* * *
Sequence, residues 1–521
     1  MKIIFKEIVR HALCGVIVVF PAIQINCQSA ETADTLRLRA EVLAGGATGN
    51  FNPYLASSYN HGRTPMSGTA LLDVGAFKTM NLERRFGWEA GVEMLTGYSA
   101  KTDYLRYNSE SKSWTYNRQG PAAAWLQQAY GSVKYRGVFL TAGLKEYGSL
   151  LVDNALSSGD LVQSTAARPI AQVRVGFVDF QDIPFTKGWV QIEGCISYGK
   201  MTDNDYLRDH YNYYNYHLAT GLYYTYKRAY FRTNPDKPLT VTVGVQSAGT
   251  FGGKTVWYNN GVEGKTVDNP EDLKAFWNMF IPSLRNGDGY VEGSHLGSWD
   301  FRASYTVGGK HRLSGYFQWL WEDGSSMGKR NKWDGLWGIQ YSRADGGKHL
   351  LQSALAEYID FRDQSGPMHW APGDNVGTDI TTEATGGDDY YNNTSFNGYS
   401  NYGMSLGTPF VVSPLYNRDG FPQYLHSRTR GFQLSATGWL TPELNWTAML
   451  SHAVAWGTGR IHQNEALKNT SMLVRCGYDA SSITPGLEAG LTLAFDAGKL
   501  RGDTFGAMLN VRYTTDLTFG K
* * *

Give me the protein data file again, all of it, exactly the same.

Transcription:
Sequence, residues 1–521
     1  MKIIFKEIVR HALCGVIVVF PAIQINCQSA ETADTLRLRA EVLAGGATGN
    51  FNPYLASSYN HGRTPMSGTA LLDVGAFKTM NLERRFGWEA GVEMLTGYSA
   101  KTDYLRYNSE SKSWTYNRQG PAAAWLQQAY GSVKYRGVFL TAGLKEYGSL
   151  LVDNALSSGD LVQSTAARPI AQVRVGFVDF QDIPFTKGWV QIEGCISYGK
   201  MTDNDYLRDH YNYYNYHLAT GLYYTYKRAY FRTNPDKPLT VTVGVQSAGT
   251  FGGKTVWYNN GVEGKTVDNP EDLKAFWNMF IPSLRNGDGY VEGSHLGSWD
   301  FRASYTVGGK HRLSGYFQWL WEDGSSMGKR NKWDGLWGIQ YSRADGGKHL
   351  LQSALAEYID FRDQSGPMHW APGDNVGTDI TTEATGGDDY YNNTSFNGYS
   401  NYGMSLGTPF VVSPLYNRDG FPQYLHSRTR GFQLSATGWL TPELNWTAML
   451  SHAVAWGTGR IHQNEALKNT SMLVRCGYDA SSITPGLEAG LTLAFDAGKL
   501  RGDTFGAMLN VRYTTDLTFG K